Action-adventure (PS3, X360)
Rated M for Mature
4.5 / 5 stars
The reboot of a classic series can breath new life into a stagnant fan base or utterly destroy it.
Thankfully, Konami’s “Castlevania: Lords of Shadow” is a fantastic refacing of a franchise that is nearly as old as Dracula himself.
Completely disassociated from the canon of the original installments, “Lords of Shadow” puts players in control of Gabriel Belmont, a member of the Brotherhood of Light, a group of holy knights that have sworn to protect the innocent against the supernatural creatures that hunger for human flesh.
Gabriel’s wife, Marie, was brutally murdered by such creatures, trapping her soul in limbo, as a dark spell has sundered the Earth from the heavens.
Gabriel’s main weapon, the combat cross, is essentially a chain-like whip which can be upgraded as players progress through the game. A variety of sub-weapons can be utilized, including traditional daggers and vials of holy water, as well as fairies that distract your enemies and a rare magical crystal that destroys most enemies when used.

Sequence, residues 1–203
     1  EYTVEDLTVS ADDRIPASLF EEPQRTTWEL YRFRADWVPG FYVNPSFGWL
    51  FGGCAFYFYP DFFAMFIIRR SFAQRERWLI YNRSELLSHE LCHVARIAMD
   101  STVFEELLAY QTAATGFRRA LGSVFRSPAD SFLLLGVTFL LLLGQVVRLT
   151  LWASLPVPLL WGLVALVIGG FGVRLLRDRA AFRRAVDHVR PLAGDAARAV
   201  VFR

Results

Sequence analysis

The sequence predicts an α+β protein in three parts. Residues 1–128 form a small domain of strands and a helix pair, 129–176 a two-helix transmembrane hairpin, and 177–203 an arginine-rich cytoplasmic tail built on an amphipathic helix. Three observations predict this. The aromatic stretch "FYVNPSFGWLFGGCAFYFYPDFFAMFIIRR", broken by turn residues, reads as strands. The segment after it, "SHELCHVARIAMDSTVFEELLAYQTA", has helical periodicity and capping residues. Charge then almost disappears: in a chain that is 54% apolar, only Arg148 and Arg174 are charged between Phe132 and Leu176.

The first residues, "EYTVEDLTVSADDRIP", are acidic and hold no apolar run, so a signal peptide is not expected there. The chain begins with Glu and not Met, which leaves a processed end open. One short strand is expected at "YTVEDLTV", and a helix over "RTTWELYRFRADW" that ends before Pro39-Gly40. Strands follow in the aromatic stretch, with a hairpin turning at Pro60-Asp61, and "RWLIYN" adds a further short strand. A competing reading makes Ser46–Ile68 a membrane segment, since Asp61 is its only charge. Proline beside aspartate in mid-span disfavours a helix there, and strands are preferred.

Upon defeating enemies or solving puzzles, players will gain experience points which can be used to purchase new abilities and increase attack damage.
Combat in the game is “God of War”-inspired.
Gabriel can also use two types of magic — light and dark — which have different combat effects when activated: Light magic will replenish your health and dark magic increases attack damage.
The game can become quite challenging at times, so expect to die a lot.
Many levels contain several platforming elements, including puzzles, wall climbing and cliff jumping which blend well with the overall game design.
Level-specific challenges become available after a level’s initial completion, allowing players a chance to replay it and test their skills, gaining additional experience points.
Though “Lords of Shadow” has a lot to offer its players, it does suffer from a few irritating flaws.
The camera in the game can occasionally become a nuisance and some platforming elements can be problematic. It’s frustrating when you jump to a climbable ledge only to miss it for some unknown reason, killing you in the process.
The lack of a solid soundtrack also plagues this title — though it’s not game breaking, a decent score could have made this game even more immersive. Also, the game is very linear and offers little in terms of exploration.
There are some frustrating boss battles requiring players to combine action with platforming — while this idea is often rewarding when done correctly, it is poorly executed in the game, resulting in an occasional sense of ingenuity.
Overall, the game is a wonderful reimagining of a series that deserved a solid modern-gen iteration.
Though some fans of the series may find the latest installment a sacrilegious departure from previous “Castlevania” titles, “Lords of Shadow” is an exciting marriage of brutality and adventure.